2.1.6 DoS Defenses

The defense against application layer DoS attacks usually centers on security patches aimed at the Macro programming languages used by many of these applications. This includes Visual Basic for Applications (VBA) that runs with the Microsoft Office family. However, because the TCP/IP stack encompasses the OSI reference model (layers 5 through 7), security also involves turning off unneeded protocols and services. Firewalls and intrusion detection systems are also useful, because they can filter packets based on addresses and ports.

Defending against transport layer DoS attacks centers around firewalls and intrusion detection systems. If an attacking packet comes in destined for a little used port, the firewall can be set to reject it. Intrusion detection systems can be set to alarm if access at oddball ports is attempted.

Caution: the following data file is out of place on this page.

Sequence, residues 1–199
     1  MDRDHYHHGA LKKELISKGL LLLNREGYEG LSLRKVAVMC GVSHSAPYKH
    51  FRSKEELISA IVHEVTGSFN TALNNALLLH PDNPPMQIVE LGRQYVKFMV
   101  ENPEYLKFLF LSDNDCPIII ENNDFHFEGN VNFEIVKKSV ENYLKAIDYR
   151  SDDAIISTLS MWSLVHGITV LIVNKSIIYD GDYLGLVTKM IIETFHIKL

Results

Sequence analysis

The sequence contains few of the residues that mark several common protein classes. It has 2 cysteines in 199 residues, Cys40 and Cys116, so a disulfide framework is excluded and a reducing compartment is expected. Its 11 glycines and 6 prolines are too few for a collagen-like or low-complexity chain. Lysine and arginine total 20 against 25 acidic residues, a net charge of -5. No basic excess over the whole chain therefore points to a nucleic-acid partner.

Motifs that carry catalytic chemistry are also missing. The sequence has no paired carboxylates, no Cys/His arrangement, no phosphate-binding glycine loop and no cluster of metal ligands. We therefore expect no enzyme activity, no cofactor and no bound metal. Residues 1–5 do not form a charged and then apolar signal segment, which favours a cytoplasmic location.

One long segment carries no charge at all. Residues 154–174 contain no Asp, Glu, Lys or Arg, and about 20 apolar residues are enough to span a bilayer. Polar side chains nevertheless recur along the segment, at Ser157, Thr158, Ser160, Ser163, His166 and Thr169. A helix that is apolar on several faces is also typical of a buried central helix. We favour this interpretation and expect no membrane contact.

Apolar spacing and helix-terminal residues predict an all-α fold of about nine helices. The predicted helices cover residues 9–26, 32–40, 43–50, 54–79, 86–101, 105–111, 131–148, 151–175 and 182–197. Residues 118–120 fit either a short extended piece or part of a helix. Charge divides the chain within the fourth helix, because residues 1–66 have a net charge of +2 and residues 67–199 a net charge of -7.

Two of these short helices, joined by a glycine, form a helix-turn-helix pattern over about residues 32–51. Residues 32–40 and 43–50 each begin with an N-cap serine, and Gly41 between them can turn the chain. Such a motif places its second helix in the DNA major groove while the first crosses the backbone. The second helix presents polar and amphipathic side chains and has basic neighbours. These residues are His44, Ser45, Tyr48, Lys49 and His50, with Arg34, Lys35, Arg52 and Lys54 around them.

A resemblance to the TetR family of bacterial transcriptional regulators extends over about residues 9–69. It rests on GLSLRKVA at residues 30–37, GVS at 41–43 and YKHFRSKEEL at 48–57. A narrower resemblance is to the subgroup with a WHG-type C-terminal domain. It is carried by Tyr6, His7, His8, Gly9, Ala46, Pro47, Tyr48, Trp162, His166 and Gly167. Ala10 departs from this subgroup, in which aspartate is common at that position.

Network layer DoS attacks can be defended against by filtering incoming traffic against unusual ports, and also against quantity (traffic shaping). A firewall is an excellent tool to limit the traffic of various services, but advanced router software can also perform some of these functions.

Attacks at the physical layer are best contained by using good physical security. Locks on server room and telecommunication room doors, encasing critical infrastructure in conduit, and monitoring physical connections with advanced patch panel systems can all enhance physical security.

Physical, network, transport and application layer security